We have millions of people in this country who want a job that pays a decent wage but can’t get one. Millions who have a job but want more hours. A consequence of this is that these people are then subsidised by the state. A staggering 5.2 million working households are in receipt of either Universal Credit, Housing Benefit or Working Tax Credits.
The failure of the capitalist system is proven by the enormous amounts of taxpayer money spent on subsidising employers who pay their staff low wages. £31.1 billion is spent on in work related benefits. £8.3 billion is spent on unemployment benefits.
Through full employment, we could create a huge amount of wealth in the country on a year by year basis.
Currently, the overall cost to the economy of a reduction in output due to the number of unemployed is £48 billion.
Huge areas of the country have been unproductive due to lack of investment. Take my county of Yorkshire as an example. Yorkshire & the Humber has an average output per person of £21,426. The UK average is £27,555 per head. If we invested in Yorkshire to bring it in line with the UK average, output to the tune of £33.4 billion in the region would be created.
This is the cost of a lack of investment in our economy. The cost of keeping people out of work or on low wages.
Let me give you a flavour of how transformative full employment could be for our country.
If we could get 1 million people back to work, £27 billion would be added in the economy. Of course, this multiplier effect of more people in well paid employment would result in more money being spent in local economies.
At this point you may think this all sounds great, but then find yourself asking the question – how can we afford this?
As a start, in the bank accounts of the largest companies in Britain, there is almost £1 trillion sitting idle as unused cash.
The London Stock Exchange over the past 6 months has seen its value increase by £607 billion. Dividend payments from these companies to shareholders in 2020 alone totalled £60 billion.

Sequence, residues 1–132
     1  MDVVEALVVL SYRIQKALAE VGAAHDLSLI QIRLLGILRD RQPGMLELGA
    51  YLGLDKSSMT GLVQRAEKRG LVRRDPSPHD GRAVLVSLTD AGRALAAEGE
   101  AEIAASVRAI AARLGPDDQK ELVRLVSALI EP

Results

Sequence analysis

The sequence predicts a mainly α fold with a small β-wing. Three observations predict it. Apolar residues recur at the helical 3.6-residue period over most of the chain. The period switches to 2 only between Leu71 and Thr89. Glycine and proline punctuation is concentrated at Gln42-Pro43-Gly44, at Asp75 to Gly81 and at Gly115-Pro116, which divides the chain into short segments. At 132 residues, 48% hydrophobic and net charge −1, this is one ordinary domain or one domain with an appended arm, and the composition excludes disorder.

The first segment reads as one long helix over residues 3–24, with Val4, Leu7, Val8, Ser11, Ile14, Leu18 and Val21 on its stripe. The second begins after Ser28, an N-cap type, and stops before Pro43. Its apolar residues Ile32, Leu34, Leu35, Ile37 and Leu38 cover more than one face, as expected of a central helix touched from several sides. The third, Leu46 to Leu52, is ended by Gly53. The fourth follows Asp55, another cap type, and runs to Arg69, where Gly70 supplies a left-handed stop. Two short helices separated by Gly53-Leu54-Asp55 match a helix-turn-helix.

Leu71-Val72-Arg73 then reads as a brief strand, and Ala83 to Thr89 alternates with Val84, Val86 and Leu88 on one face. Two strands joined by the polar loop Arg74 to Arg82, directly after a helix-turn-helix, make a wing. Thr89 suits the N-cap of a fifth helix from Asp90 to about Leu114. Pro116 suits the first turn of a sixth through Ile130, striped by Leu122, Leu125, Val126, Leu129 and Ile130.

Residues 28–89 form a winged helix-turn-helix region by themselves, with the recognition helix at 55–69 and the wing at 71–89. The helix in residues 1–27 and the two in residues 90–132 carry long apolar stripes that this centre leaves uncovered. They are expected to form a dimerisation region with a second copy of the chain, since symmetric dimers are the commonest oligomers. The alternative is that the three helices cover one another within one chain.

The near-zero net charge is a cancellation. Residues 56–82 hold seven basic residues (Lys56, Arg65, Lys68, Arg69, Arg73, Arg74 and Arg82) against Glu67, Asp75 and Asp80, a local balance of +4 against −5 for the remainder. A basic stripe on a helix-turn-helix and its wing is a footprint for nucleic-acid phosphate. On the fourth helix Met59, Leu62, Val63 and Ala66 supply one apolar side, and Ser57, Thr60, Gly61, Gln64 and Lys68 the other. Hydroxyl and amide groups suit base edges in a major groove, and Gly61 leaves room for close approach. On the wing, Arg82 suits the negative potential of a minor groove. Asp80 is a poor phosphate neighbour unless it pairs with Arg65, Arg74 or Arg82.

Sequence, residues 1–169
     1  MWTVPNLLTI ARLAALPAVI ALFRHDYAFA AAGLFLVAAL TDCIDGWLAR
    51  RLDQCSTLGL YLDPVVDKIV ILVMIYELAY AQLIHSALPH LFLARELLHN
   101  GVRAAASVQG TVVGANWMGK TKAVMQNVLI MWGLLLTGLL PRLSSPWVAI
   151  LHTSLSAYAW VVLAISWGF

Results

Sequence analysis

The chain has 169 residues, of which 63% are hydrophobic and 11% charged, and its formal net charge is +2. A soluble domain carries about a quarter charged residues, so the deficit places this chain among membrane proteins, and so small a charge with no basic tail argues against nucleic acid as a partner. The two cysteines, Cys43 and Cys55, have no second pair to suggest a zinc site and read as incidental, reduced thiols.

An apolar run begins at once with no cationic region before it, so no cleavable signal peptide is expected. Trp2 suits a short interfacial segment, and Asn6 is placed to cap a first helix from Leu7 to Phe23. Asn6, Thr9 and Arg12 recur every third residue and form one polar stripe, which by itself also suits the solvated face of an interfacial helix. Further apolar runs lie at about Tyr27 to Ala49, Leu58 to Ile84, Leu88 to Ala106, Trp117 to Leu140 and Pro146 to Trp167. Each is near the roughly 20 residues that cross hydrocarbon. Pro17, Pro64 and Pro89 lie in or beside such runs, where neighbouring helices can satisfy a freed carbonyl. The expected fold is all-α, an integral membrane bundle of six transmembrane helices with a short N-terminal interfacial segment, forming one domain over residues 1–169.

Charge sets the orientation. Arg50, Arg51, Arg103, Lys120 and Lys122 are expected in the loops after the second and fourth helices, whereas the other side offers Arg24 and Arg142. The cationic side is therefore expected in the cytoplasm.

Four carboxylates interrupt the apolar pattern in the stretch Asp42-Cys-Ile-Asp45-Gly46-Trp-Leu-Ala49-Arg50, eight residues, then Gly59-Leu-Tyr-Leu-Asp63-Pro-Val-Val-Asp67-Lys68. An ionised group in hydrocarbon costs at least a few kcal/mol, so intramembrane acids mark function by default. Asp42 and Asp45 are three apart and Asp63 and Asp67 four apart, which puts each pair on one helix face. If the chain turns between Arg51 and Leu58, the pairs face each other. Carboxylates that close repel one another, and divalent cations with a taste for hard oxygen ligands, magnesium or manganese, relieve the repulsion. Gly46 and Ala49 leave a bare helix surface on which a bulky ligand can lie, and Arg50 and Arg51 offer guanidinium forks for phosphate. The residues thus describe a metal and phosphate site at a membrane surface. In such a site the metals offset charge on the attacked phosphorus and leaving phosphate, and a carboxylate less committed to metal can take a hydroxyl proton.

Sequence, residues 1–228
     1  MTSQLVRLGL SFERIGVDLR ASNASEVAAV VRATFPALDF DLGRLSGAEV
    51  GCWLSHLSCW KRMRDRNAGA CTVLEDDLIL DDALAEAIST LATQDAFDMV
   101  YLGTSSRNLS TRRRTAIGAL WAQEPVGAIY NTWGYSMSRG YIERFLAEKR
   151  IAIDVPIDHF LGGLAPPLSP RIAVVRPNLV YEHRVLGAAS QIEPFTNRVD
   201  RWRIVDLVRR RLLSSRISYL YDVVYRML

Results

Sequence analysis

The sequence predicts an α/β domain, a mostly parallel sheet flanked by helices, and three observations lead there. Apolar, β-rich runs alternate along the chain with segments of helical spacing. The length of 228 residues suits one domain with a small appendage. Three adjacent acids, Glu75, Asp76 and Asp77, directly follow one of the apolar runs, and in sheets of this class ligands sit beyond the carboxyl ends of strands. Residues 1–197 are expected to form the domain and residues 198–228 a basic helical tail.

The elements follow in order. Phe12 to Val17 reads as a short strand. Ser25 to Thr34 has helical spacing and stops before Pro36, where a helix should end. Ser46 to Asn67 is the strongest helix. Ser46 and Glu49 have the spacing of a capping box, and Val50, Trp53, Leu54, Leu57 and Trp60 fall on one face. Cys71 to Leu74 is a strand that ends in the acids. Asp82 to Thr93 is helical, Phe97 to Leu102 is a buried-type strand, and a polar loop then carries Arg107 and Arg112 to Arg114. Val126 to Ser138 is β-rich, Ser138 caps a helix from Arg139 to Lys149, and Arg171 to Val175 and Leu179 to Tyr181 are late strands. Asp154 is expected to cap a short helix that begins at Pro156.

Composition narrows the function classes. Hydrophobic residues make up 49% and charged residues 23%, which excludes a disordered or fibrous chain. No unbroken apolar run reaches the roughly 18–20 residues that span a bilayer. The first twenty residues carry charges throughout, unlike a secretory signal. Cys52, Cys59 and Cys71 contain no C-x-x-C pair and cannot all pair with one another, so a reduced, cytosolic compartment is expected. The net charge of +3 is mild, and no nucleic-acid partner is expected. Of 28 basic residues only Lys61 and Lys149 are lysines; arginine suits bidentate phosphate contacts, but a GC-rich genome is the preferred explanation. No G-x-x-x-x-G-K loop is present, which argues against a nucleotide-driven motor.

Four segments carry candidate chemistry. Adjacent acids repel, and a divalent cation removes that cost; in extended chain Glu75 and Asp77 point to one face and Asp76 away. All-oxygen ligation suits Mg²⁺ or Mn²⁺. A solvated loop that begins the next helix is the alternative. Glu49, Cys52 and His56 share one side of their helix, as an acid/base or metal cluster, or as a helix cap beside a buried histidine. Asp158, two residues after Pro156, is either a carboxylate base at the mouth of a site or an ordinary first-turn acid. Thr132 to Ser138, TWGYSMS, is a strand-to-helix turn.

We can choose to mobilise our unused capacity in labour to deliver a world free of need. To begin to liberate ourselves from the drudgery of so much work. To liberate ourselves from worrying about how to heat the house and feed the kids.
Do not be fooled by Tory rhetoric of ‘putting an arm round every worker’. Try telling that to those who a year into this crisis have no place of work to return to.
We must break fundamentally with any idea of post-covid austerity. Unsurprisingly the Tories show no sign of adopting this approach.
The whole government response to the economic effects of Covid-19 has been characterised by multi-billion-pound bungs to private companies.
Everywhere you look, Tories have handed out money to their mates like confetti at a wedding. £253 million to Ayanda Capital. £347 million to Randox, employer of Owen Paterson MP. £37 billion for the ineffectual Serco Test & Trace. 1,000 consultants at Deloitte working on Test & Trace at rates of up to £2,360 per day. I could go on.
The Tories do not want a society of workers occupying a position of strength. Emboldened by their dignified and secure terms of employment, protected through rights and provisions. Maintaining a hegemonic society whereby the elite rule in the interests of their class requires a mass workforce that can be exploited.
The challenge therefore falls to Labour.
Labour’s central response to this crisis must be to develop a strategy which puts the interests of working people first. A strategy with a flat-out drive towards full employment, with decent jobs on good incomes.
As I have outlined, full employment is not a pie in the sky aspiration. It is an eminently achievable aim.
The Labour Party must challenge the established order and show that as we embark on rebuilding our country in the wake of this crisis, there is an alternative. A better way.
Only Labour can drive forward this economic policy which is long overdue and befitting of our times. Full, secure, decent, dignified employment throughout the UK.